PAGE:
This was a very tense moment but fortunately, in the immediate days following the murder, de Klerk and Mandela managed to avoid a catastrophe, de Klerk by agreeing to the ANC’s demands for how the transition should be conducted and elections held, and Mandela by addressing the nation and calling for calm. In his speech, Mandela pointed out that it was a white neighbor of Hani’s who had observed the murder and immediately jotted down the license plate of the killers’ car and told the police so that they were apprehended within half an hour, thus underlining the fact that people were capable of rising about their racial categories.

Elections were finally held in April 1994, a year after Hani’s death. and Mandela became president.

The radio program Fresh Air had an absorbing program in which host Dave Davies talked with journalist Justice Malala about his book The Plot to Save South Africa that goes into detail about the ten days surrounding Hani’s murder and how the crisis was averted.

You can listen to the 36-minute program below. It is well worth it.


  1. sonofrojblake says

    In the UK there was a poll in 1999 to find the public’s greatest ever TV moments. I vividly remember the top four.
    At the top, not entirely suprisingly, was the moon landing.
    Second only to that was Nelson Mandela’s walk to freedom.
    Fourth was the death of Diana, Princess of Wales.
    Other things further down the list were the fall of the Berlin Wall, England winning the world cup, Live Aid and the death of JFK.
    In third, beating all those things, Diana’s death included, was the specific moment in the 1997 general election when former defence secretary Michael Portillo lost his safe Conservative seat. It’s hard to overstate how important and joyous it felt at the time.
    I’m hoping for a similarly seismic moment in the next election, after another seemingly endless disastrous period of Conservative rule.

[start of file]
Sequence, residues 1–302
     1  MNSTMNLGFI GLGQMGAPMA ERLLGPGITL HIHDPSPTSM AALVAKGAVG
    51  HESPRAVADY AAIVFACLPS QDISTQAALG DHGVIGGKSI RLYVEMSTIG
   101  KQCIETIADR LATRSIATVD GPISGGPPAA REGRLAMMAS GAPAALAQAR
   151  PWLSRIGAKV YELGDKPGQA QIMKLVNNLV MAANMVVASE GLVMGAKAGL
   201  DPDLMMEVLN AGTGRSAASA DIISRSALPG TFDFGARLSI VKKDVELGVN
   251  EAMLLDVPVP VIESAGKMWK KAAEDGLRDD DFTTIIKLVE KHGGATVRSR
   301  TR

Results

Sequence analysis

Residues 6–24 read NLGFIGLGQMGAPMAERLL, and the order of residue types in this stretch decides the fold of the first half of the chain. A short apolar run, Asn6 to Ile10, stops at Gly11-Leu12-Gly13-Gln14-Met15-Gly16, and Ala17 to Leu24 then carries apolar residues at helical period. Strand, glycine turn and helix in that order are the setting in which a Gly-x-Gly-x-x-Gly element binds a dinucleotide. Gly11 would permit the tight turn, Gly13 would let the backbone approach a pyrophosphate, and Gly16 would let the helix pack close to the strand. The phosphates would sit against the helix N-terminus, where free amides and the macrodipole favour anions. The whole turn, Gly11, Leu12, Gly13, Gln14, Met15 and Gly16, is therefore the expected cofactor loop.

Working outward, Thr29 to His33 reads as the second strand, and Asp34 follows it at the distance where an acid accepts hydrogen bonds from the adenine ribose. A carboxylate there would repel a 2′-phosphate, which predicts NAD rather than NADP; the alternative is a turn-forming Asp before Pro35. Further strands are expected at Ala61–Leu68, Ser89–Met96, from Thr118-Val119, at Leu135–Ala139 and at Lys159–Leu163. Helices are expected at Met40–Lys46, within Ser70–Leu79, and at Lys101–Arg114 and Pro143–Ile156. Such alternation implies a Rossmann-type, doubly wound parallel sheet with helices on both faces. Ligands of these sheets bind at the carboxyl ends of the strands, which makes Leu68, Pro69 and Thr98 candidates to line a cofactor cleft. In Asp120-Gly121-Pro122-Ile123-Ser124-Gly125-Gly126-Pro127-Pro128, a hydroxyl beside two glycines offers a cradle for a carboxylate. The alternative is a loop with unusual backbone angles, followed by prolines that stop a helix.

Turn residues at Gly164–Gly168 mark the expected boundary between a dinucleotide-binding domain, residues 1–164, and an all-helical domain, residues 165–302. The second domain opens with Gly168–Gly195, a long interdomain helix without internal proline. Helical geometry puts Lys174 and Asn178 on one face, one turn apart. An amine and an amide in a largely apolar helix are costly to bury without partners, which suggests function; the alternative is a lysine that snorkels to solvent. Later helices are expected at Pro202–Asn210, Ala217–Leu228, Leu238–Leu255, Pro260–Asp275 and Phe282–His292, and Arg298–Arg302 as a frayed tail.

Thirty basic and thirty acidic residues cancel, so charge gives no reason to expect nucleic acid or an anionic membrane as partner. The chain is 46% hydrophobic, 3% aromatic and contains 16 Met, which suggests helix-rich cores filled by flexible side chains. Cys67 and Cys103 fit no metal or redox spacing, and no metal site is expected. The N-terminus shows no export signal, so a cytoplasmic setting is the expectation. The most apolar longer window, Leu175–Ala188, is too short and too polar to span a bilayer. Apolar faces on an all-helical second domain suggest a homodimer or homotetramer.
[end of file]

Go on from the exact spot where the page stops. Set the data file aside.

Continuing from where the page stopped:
2. Keith Valachi DDS says

    This was memorable for me, too. Unfortunately assassinations too often do have the intended consequences. How different could contemporary Middle East history be if Yitzak Rabin had not been murdered by a RW Jewish zealot…?

  3. KG says

    Despite it not leading to civil war, it was an absolute tragedy that Chris Hani was murdered. Had he lived, he would almost certainly have succeeded Mandela as president. Of course one can’t be certain how he would have turned out, but he was as far as one can tell both brilliant and high-principled. As it was, the AIDS denialist Thabo Mbeki succeeded, and probably killed comparable numbers of South Africans by his ludicrous stupidity as the apartheid regime managed in its near half-century in power.

    Hani’s murder was not by any means the only near-disaster in the transitional period. I spent two months in KwaZulu-Natal in 1991, in a failed attempt to make a career move into environmental-political writing. There was a low-level civil war going on between the ANC and Mangosuthu Buthelezi’s “Inkatha” movement, which had considerable support from far-right elements both within South Africa and abroad, the latter including the British zoo owner John Aspinall, Jungian fantasist and child-abuser Laurens van der Post, and the Goldsmith brothers, financier James and founder of The Ecologist Edward (I didn’t quite appreciate this at the time: the editor of The Ecologist agreed to publish one of my articles, which criticised Inkatha, then backed out -- pressured, I later guessed, by Goldsmith). To his credit, Buthelezi eventually accepted the victory of the ANC in the 1994 elections and accepted a post as vice-president.

  4. KG says

    I should add that van der Post was also a close friend of both Margaret Thatcher and Charles Windsor (as was Jimmy Saville, Britain’s answer to Jeffrey Epstein).